Ethiopian Airlines will have to be selective about the details it reveals about the crash of its Nairobi-bound Flight ET 302 on Sunday.
This is according to aviation expert Linden Birns, who says the airline can't comment on certain aspects of the case to avoid accusations of prejudicing the investigation.
All 157 people on board the Ethiopian Airlines flight died when the Boeing 737 MAX 8 aircraft came down just six minutes after taking off from Addis Ababa.
Now investigators are combing the scene, searching for bodies and clues into the crash.
Birns, who specialises in aviation PR and crisis management, says the airline will have to manage various interests in the course of the investigation.
While Ethiopia will head the investigation, US regulators who oversee the manufacturers of the airframe and the engine will also be invited to assist.
The airline will reportedly work with Boeing, the national civil aviation authority and a range of international experts.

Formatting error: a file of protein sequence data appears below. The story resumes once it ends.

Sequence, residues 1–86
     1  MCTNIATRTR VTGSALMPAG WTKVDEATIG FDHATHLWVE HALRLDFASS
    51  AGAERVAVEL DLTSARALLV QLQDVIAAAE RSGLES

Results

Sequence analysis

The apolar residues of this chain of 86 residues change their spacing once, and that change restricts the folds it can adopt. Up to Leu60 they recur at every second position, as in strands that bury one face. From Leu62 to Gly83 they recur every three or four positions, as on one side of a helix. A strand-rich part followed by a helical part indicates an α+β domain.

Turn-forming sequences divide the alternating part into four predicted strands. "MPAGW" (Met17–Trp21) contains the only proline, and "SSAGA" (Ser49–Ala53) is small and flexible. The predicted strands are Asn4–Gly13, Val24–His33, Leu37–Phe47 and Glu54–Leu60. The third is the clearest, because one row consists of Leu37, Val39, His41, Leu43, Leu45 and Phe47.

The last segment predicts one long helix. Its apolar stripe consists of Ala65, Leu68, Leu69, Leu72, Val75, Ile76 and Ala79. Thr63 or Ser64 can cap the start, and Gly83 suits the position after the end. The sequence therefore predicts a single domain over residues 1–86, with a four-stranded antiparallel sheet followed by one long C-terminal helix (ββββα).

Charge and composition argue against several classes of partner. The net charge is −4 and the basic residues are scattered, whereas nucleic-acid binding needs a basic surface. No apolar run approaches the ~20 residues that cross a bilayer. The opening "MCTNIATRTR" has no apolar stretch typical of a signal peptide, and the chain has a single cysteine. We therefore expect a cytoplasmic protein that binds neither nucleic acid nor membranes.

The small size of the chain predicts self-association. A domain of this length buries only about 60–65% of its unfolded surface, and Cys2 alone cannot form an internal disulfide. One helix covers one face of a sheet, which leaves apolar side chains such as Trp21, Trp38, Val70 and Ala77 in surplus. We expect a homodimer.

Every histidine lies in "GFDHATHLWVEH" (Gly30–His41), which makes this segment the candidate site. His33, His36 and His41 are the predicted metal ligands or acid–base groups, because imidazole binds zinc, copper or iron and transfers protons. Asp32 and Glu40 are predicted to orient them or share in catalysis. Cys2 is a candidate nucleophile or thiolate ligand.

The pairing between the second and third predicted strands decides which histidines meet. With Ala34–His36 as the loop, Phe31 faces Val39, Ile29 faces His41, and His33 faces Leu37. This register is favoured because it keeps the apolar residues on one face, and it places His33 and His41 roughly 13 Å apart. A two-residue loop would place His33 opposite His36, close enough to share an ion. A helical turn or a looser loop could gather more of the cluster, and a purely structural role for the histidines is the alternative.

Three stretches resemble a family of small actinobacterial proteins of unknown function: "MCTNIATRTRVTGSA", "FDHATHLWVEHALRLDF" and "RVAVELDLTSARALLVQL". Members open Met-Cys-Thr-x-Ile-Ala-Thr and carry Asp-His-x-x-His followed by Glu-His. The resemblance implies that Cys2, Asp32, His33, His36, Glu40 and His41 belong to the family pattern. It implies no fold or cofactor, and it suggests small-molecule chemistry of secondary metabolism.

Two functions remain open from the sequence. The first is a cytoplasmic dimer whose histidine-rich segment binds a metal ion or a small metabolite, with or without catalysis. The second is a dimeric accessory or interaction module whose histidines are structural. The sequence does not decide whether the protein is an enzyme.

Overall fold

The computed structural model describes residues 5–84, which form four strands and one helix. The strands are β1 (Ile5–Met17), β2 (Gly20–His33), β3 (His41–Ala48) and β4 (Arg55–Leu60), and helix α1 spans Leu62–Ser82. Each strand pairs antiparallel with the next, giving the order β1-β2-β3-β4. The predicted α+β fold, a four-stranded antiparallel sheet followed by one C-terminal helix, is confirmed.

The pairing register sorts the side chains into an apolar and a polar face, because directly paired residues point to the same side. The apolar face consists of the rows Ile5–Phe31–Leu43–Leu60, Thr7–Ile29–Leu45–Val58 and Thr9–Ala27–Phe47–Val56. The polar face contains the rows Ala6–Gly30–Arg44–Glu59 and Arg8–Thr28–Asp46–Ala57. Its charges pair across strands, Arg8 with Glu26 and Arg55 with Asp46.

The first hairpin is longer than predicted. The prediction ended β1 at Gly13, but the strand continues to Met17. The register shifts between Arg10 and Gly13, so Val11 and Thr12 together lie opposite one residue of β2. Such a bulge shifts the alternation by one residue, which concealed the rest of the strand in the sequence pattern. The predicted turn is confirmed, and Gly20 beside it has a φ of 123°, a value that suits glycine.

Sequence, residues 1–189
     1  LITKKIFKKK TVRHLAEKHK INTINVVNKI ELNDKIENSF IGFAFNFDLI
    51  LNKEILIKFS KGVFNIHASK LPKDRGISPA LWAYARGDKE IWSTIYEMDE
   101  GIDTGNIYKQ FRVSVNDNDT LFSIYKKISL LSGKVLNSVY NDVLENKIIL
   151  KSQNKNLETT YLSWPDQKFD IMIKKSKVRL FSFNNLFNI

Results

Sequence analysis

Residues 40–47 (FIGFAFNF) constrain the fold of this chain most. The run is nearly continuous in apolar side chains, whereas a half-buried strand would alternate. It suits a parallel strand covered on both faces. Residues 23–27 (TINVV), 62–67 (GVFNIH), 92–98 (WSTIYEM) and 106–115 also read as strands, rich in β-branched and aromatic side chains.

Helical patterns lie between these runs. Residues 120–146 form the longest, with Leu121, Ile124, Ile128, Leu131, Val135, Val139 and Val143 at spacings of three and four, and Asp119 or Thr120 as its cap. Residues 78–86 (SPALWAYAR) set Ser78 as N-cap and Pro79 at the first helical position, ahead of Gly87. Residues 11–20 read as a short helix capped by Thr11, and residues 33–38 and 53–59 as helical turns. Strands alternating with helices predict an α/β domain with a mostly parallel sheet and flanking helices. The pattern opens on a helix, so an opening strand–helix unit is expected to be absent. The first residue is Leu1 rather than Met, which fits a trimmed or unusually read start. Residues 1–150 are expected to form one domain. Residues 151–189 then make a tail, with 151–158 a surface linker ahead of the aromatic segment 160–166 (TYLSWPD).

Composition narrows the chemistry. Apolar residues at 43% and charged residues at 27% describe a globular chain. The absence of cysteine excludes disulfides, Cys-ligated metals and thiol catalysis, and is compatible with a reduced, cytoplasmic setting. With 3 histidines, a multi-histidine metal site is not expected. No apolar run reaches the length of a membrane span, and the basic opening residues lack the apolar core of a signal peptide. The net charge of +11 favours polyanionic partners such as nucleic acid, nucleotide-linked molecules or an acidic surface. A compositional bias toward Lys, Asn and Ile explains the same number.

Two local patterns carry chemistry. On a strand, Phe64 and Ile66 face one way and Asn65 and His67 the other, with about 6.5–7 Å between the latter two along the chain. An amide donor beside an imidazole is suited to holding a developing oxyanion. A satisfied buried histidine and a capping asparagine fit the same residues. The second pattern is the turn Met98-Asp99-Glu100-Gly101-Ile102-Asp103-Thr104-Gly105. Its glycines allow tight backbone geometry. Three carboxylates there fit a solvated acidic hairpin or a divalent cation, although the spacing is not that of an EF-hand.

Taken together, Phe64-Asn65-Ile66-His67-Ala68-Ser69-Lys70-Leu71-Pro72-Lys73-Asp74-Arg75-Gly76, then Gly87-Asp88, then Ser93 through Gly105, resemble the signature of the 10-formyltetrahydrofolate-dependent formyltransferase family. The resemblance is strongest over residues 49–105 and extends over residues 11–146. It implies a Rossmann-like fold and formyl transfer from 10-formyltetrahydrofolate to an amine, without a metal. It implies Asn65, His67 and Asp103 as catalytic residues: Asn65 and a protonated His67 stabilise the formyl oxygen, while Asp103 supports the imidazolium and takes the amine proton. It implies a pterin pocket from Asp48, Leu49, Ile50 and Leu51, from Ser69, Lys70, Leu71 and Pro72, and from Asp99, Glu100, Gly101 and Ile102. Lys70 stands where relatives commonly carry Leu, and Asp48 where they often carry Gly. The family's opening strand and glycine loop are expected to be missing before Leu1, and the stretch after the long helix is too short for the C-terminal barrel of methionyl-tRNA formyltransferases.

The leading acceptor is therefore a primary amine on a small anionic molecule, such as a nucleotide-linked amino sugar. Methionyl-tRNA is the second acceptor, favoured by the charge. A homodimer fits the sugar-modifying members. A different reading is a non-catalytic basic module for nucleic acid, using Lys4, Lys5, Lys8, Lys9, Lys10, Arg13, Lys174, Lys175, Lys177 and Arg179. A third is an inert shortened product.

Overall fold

According to Birns, Ethiopian authorities will also invite state officials from the various mourning countries to observe the investigation.
Investigators have 30 days to publish an interim report, detailing the catalogue of evidence found following the crash, Birns says.
A forensics team should be on the scene processing the crash, the information from air traffic control, the flight logs, the maintenance logbooks, cockpit voice recorder and data recorder, also known as the 'black box'.
They'll be able to put together a clearer picture of what was happening to that aeroplane over the six minutes of the flight.— Linden Birns, MD of Plane Talking and partner at BHK Crisis Communications
The investigative authorities from those countries will help and they will ask the manufacturers to provide technical support if they need to understand more.— Linden Birns, MD of Plane Talking and partner at BHK Crisis Communications
The country of occurrence, in this case, Ethiopia, is responsible for mounting and leading the investigation.— Linden Birns, MD of Plane Talking and partner at BHK Crisis Communications
The airline is confined in what it can and can't say.— Linden Birns, MD of Plane Talking and partner at BHK Crisis Communications
Listen to the discussion on the Pippa Hudson Show: